A Woman's New Identity
In Henrik Ibsen's drama, A Doll's House, the main characters in the play pretend to be someone who others would like them to be, instead of being their true selves. Nora, throughout the play, is a character who has an impeccable use of role-play. She is Torvald's loving and childish wife, and unknowingly, even to herself, a strong, independent woman. As the play progresses, Nora's persona shifts from that of the everyday playful trophy wife seen by Torvald and friends, to that of a self-empowering, willing woman; an identity in the 1800s that was unheard of.
Nora's first impression to the reader is one of an obedient, crazed, child-like wife. In the first act, Nora seems to solely want money from her husband Torvald. In one of the primary encounters with Torvald after showing him what she just purchased for their children as Christmas gifts, she does not delay in asking for even more money.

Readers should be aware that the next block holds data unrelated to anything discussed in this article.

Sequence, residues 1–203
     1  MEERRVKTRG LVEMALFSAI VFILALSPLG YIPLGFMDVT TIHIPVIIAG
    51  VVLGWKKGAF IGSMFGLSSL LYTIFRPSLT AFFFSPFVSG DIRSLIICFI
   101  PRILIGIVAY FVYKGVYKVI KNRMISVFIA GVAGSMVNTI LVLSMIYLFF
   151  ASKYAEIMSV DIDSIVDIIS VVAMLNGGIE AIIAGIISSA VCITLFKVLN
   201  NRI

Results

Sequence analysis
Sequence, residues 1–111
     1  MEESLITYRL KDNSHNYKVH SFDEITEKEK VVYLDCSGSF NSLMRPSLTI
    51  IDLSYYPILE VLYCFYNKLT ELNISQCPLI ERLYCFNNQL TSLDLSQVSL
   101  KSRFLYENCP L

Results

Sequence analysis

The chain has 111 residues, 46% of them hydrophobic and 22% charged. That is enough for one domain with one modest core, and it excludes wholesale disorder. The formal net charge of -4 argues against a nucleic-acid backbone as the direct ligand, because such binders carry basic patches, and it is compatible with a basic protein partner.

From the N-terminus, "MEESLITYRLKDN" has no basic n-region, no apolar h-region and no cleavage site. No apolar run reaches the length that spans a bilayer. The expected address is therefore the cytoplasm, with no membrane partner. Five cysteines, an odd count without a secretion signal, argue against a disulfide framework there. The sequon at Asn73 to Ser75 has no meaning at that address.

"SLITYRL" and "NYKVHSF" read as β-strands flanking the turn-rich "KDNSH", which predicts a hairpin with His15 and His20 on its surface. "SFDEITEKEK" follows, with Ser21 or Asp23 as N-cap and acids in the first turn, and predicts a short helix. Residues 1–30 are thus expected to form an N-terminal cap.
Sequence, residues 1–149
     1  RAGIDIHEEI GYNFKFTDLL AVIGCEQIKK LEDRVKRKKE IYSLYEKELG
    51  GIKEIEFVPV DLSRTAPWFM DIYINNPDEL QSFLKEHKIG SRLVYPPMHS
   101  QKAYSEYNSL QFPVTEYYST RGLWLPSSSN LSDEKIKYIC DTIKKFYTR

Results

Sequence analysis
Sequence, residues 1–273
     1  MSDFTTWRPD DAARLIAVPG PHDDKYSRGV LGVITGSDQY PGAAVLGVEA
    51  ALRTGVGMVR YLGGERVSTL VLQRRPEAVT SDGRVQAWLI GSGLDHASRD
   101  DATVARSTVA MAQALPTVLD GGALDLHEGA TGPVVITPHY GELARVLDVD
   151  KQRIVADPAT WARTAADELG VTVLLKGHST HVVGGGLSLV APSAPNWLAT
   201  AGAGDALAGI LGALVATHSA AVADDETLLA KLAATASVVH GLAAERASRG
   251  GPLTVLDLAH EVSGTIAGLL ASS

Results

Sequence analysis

Even after asking what she would like for Christmas, money is her answer. It is impressive how Torvald addresses Nora as she was just a little girl, or even a pet, "My little lark mustn't droop her wings like that. What? Is my squirrel in the sulks?" (2). It seems as if he is talking to a small child and he says that as he is giving her money, which makes their interaction seem almost of a relationship between a father and his teenage daughter. This child-like interaction is also consistent throughout the play, only solidifying the fact that Torvald truly treats Nora as if she was his daughter. This makes Nora seem more like a prized possession as opposed to an equal in their marriage, an idea that would have been accepted as a social norm in that time.